News Release

Study finds hydroxychloroquine lowers risk of nonalcoholic fatty liver disease in rheumatoid arthritis patients

Reports and Proceedings

American College of Rheumatology

ATLANTA - New research at ACR Convergence 2023, the American College of Rheumatology’s (ACR) annual meeting, shows that treating rheumatoid arthritis with hydroxychloroquine (HCQ) reduced the risk of nonalcoholic fatty liver disease, especially in women and men who are 50 years old and younger (Abstract #0396).

Rheumatoid arthritis (RA) is a systemic autoimmune inflammatory disease marked by chronic joint inflammation leading to joint damage and loss of function. It can also affect tissues and organs outside the joints, including (but not limited to) the eyes, heart, and lungs. Although not a classic complication of RA, nonalcoholic fatty liver disease (NAFLD or MAFLD), is prevalent among RA patients, affecting about 35% of men and 22% of women. Previous research suggested that HCQ might lower the risk, so rheumatologist Hsin-Hua Chen, MD, PhD, and colleagues at Taichung Veterans General Hospital in Taichung City, Tawain, decided to explore the association between HCQ and NAFLD in a nationwide RA cohort. 

The researchers drew on population-based claims data from the National Health Insurance Research Database in Taiwan from 2000 to 2020. The study included more than 21,000 patients, with a mean standard deviation age of 51.9, and the ratio of women to men was 3 to 2.

A time-varying, multivariable Cox regression model was used to estimate the adjusted hazard ratios with 95% confidence interval for an association between HCQ and NAFLD, after adjusting for potential confounders. Subgroup analyses looked at patients based on sex and age (men and women younger and older than 50).

The study’s results show that 399 (1.86%) patients developed NAFLD after more than eight years. The study also suggests that taking HCQ was associated with a significantly lower risk of NAFLD, especially in women younger than 50.

Chen says this association may be due to the effect of HCQ on adiponectin, an adipokine inversely linked to insulin resistance, inflammation and NAFLD.

“The mechanism of decreasing the risk of NAFLD by HCQ may be its [ability] to increase adiponectin levels,” Chen says. “Estrogen has been reported to inhibit adiponectin production and estrogens are inversely associated with adiponectin levels. Therefore, the reduced NAFLD risk with HCQ may be more prominent in premenopausal women.”

The study found other common risk factors for NAFLD, including obesity, higher doses of prednisone and nonsteroidal anti-inflammatory drugs (NSAIDs). However, typical risk factors, like diabetes and high cholesterol, were not in this RA cohort. (A smaller study by Wiemer et al. presented at ACR Convergence 2020 did find a high degree of diabetes among RA patients taking HCQ).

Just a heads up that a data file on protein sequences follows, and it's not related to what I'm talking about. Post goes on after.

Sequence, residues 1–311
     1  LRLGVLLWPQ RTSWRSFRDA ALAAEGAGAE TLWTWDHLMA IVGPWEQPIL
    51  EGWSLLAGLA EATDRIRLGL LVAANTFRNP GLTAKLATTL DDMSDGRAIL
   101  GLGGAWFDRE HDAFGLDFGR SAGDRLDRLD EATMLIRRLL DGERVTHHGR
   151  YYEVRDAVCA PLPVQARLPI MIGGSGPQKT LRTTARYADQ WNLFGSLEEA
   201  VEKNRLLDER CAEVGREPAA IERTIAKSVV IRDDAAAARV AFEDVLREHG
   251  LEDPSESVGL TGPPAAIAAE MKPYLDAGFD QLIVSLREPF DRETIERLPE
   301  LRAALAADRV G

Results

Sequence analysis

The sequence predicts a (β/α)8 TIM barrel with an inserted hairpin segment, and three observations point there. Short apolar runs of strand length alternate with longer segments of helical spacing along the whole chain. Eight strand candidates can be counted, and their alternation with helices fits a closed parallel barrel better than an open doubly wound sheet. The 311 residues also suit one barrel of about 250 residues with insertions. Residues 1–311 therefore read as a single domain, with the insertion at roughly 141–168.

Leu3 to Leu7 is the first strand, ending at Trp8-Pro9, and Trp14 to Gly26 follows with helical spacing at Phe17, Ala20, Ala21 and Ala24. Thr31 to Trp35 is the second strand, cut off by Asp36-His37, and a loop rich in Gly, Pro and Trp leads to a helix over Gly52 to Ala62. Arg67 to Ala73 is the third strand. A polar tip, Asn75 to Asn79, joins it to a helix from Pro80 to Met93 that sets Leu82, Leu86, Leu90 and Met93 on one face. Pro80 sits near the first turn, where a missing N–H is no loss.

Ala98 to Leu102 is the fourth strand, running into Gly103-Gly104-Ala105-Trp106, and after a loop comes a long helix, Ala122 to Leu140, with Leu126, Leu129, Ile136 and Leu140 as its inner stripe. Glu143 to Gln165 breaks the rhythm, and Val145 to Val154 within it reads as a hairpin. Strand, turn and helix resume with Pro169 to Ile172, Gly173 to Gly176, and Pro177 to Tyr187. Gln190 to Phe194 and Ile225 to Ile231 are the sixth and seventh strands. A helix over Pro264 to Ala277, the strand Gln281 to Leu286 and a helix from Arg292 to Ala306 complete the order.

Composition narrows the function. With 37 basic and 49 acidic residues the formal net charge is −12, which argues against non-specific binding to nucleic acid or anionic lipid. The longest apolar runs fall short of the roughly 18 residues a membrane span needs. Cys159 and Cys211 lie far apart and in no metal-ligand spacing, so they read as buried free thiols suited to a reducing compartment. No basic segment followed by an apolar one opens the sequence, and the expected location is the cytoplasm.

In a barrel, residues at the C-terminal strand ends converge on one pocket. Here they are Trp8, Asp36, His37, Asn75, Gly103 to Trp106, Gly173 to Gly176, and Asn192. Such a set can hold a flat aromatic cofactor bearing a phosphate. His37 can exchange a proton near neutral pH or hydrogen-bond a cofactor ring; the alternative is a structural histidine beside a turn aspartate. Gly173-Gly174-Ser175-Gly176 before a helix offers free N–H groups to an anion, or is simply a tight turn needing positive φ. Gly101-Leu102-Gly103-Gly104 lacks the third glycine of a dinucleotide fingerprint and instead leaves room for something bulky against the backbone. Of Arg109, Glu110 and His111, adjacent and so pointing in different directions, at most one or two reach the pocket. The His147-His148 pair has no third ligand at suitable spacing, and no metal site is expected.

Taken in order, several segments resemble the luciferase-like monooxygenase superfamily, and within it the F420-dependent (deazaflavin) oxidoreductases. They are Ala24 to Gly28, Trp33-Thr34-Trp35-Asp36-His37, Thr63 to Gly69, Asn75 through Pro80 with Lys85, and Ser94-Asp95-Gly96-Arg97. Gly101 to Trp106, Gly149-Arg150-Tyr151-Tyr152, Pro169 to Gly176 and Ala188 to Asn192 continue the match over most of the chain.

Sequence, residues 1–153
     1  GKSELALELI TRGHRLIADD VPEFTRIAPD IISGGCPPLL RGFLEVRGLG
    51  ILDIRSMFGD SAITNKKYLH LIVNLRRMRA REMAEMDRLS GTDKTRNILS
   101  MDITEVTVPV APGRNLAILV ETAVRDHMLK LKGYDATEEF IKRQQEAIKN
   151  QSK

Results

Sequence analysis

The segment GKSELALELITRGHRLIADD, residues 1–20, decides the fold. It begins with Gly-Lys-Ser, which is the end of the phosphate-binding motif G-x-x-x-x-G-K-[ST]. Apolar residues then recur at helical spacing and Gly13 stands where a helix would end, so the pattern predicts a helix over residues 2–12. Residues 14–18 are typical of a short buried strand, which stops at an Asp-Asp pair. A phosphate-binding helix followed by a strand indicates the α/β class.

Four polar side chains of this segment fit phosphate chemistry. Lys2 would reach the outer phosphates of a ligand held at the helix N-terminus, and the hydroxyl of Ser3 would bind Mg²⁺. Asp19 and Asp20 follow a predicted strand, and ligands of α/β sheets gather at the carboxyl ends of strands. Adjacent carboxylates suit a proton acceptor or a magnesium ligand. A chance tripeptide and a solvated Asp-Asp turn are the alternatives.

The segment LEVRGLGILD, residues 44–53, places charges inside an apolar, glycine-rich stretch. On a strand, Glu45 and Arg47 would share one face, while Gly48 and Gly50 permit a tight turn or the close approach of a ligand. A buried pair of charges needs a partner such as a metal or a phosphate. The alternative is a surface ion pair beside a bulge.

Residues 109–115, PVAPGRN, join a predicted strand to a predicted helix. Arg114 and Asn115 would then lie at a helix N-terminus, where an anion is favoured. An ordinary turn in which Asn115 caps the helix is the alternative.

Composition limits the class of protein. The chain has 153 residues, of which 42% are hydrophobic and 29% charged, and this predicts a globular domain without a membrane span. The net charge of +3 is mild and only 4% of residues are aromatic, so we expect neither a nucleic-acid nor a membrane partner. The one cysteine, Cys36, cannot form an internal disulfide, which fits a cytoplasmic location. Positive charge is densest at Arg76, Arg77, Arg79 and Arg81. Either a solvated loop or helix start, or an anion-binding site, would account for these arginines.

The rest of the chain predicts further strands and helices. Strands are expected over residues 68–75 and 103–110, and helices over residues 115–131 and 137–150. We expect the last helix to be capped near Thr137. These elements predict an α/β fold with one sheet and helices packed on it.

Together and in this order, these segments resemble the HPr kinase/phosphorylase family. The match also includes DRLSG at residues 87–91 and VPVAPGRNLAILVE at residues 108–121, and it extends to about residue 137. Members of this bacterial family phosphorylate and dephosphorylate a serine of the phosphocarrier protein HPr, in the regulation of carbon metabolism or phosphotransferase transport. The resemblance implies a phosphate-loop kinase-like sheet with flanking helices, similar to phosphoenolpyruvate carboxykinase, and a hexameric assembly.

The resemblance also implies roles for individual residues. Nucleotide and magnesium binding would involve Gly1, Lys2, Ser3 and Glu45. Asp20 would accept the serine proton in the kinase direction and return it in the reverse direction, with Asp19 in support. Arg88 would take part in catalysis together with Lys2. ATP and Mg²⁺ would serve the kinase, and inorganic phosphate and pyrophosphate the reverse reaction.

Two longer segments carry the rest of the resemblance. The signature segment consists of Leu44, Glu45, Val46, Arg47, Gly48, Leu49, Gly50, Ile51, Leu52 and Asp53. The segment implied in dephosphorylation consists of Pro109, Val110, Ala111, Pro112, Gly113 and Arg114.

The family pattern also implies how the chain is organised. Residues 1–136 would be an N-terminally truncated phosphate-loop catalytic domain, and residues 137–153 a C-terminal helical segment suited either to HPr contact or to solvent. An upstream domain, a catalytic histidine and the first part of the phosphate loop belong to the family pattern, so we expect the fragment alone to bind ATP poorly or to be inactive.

Chen says the study’s major limitation is its use of claims data.

“We cannot avoid potential confounding bias or detecting bias. Only a double-blind randomized controlled trial can confirm the effect of hydroxychloroquine on prevention or treatment of NAFLD.”

In the meantime, Chen recommends liver function tests every three months for all RA patients and monthly tests for those taking medications with known potential liver toxicity, such as methotrexate.

This research was funded by Taichung Veterans Hospital and Chiayi Branch, Taichung General Veterans Hospital.


About ACR Convergence

ACR Convergence, the annual meeting of the American College of Rheumatology, is where rheumatology meets to collaborate, celebrate, congregate, and learn. With more than 320 sessions and thousands of abstracts, it offers a superior combination of basic science, clinical science, business education and interactive discussions to improve patient care. For more information about the meeting, visit, or join the conversation on Twitter by following the official hashtag (#ACR23).

About the American College of Rheumatology

Founded in 1934, the American College of Rheumatology (ACR) is a not-for-profit, professional association committed to advancing the specialty of rheumatology that serves nearly 8,500 physicians, health professionals, and scientists worldwide. In doing so, the ACR offers education, research, advocacy and practice management support to help its members continue their innovative work and provide quality patient care. Rheumatology professionals are experts in the diagnosis, management and treatment of more than 100 different types of arthritis and rheumatic diseases. For more information, visit   

Disclaimer: AAAS and EurekAlert! are not responsible for the accuracy of news releases posted to EurekAlert! by contributing institutions or for the use of any information through the EurekAlert system.